Shrimp is one of the best natural iodine food sources, an essential mineral required for brain health and proper thyroid function. In addition, shrimp is a fantastic omega-3 fatty acids source. However, shrimp often gets a bad reputation for its high cholesterol content (189 mg per 100g serving).

On average, 100 grams or 3 ounces of cooked shrimp contains:

  • Calories: 99
  • Fat: 0.3g
  • Carbs: 0.2g
  • Cholesterol: 189mg
  • Sodium: 111mg
  • Protein: 24g

Scallops Nutritional Properties

Scallops are rich in vitamin B12, a nutrient that supports heart health and metabolic functioning. Scallops also contain high levels of magnesium and potassium.

On average, 100 grams or 3 ounces of cooked shrimp contains:

  • Calories: 94
  • Fat: 1g
  • Carbs: 5g
  • Cholesterol: 41mg
  • Sodium: 667mg
  • Protein: 17g

How To Cook Shrimp?

Shrimp is straightforward to prepare and takes little to no time to turn into a tender, succulent piece of meat.

You can purchase peeled and deveined shrimp or remove the shell and vein at home. Then choose one of the following cooking methods best suited for your dish.

  • Grilled
  • Pan-fried (sautéed)
  • Steamed
  • Poached
  • Smoked
  • Roasted
  • Deep-fried
  • Barbequed

Remember to first defrost frozen shrimp before preparing it. In addition, consider adding shrimp shells into broths and soups for a ton of flavor.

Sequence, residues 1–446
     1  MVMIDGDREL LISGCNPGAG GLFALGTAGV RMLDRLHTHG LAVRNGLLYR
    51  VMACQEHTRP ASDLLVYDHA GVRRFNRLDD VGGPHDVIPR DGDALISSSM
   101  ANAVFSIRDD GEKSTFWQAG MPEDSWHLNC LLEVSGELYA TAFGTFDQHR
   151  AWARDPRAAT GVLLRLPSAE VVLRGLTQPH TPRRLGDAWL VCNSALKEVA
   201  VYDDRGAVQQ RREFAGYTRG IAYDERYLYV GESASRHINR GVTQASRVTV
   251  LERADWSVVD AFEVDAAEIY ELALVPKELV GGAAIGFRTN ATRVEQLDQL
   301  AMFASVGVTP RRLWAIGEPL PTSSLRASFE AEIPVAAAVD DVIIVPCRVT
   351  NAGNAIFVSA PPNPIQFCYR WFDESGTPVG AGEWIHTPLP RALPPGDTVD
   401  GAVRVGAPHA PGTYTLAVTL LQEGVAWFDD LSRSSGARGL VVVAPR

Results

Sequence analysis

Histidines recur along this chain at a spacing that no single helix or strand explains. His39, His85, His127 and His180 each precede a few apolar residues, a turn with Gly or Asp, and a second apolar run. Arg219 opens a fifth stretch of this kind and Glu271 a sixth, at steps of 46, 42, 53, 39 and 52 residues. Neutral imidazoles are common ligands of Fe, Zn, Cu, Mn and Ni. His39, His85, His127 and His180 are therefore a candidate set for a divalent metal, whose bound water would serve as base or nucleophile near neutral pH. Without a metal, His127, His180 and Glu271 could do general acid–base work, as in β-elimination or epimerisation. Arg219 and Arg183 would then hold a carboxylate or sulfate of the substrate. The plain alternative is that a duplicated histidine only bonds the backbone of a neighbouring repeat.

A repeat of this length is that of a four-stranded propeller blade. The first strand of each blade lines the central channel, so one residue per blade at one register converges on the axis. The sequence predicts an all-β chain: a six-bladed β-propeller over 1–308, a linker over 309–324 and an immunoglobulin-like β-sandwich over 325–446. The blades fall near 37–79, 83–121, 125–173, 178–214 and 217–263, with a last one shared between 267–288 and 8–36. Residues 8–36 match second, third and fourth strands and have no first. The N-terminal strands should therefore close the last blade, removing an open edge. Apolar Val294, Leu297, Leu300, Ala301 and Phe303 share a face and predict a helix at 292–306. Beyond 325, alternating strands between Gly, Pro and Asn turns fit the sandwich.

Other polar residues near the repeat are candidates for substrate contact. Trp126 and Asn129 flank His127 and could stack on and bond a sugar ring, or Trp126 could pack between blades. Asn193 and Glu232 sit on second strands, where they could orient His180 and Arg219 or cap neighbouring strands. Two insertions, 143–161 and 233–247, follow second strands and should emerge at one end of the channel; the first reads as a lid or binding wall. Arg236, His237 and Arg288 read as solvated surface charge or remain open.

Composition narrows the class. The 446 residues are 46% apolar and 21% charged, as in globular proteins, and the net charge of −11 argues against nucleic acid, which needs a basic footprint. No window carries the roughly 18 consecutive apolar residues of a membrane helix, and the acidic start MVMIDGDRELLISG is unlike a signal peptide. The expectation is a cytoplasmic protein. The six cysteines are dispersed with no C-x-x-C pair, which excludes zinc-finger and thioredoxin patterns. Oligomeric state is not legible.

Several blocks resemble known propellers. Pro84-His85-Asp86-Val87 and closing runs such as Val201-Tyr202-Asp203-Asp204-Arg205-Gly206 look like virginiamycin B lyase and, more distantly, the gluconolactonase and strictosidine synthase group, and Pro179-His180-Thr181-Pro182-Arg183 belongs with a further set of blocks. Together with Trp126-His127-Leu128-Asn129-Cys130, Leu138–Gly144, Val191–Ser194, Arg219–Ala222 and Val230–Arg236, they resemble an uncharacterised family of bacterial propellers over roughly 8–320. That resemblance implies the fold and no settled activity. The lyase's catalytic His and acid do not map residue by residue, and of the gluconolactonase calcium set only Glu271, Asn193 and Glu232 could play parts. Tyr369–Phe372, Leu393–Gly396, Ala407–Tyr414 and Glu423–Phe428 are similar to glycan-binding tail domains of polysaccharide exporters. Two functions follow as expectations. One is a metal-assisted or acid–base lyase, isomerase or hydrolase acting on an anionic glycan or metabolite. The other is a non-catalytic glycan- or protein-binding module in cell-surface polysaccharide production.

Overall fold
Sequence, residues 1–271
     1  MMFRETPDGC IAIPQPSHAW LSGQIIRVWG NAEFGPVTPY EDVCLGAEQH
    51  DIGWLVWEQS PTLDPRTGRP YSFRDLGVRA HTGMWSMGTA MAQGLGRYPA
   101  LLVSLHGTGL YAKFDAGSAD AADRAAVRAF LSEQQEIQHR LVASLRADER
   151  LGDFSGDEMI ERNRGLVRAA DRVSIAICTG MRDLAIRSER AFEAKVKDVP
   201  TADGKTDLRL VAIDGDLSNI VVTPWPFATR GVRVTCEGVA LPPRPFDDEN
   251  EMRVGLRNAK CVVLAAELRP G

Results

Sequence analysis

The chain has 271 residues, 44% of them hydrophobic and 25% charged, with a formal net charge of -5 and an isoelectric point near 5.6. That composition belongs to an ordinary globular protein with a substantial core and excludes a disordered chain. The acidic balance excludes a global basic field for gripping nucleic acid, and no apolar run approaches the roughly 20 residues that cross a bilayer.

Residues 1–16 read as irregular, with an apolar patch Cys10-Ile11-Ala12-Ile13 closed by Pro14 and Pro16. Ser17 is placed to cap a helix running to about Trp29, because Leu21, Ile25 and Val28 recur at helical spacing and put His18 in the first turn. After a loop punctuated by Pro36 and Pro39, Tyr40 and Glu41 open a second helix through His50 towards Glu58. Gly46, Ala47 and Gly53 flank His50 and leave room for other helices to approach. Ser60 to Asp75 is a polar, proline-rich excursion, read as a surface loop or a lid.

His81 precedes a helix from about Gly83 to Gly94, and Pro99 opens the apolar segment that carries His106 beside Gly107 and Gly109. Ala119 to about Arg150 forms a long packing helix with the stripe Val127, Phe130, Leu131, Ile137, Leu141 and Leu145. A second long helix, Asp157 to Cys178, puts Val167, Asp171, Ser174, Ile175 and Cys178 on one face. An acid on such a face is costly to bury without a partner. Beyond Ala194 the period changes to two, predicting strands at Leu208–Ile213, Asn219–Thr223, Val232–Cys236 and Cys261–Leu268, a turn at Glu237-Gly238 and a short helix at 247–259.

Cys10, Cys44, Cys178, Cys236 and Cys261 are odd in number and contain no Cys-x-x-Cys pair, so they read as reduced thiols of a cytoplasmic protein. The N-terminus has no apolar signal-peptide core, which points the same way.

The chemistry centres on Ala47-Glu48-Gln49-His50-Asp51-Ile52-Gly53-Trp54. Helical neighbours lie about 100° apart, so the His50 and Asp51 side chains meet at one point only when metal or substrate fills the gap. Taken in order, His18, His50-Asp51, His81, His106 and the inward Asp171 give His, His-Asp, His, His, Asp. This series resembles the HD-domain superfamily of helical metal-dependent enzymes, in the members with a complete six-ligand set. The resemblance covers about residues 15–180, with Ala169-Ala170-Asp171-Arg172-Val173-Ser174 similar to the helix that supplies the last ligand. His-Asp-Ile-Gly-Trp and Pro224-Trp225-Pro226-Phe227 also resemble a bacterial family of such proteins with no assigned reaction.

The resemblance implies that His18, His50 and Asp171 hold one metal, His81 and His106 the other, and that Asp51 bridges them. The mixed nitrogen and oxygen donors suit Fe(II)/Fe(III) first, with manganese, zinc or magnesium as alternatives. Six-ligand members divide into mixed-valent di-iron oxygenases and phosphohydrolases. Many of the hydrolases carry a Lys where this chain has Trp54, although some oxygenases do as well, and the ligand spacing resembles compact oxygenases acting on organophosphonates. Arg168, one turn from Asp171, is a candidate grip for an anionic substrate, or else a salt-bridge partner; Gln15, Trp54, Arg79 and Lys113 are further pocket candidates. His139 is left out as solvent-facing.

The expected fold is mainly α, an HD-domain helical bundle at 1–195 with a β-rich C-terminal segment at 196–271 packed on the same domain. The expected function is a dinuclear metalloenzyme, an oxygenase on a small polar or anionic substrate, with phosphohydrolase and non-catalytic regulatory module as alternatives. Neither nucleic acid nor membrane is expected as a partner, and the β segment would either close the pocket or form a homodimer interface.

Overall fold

How To Cook Scallops

Scallops only take several to cook. So, you need to be careful that you don’t overcook them to prevent tough and rubbery scallops.

First, remove and discard the coral-colored roe and remove the white muscle from the shell. Prepare the rest of the dish beforehand, as scallops take around three to four minutes to cook and must be served immediately.

The best way to prepare scallops is by pan-searing them. However, other options include the following:

  • Grilled
  • Boiled
  • Broiled
  • Baked
  • Deep-fried
  • Roasted
  • Barbecued
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Shrimp and scallops are somewhat similar in dishes, lending a rich, mildly sweet flavor and melt-in-your-mouth texture.

You can use these two ingredients interchangeably in recipes despite their differences. In both cases, preparation and timing are essential when cooking them to prevent a rubbery texture.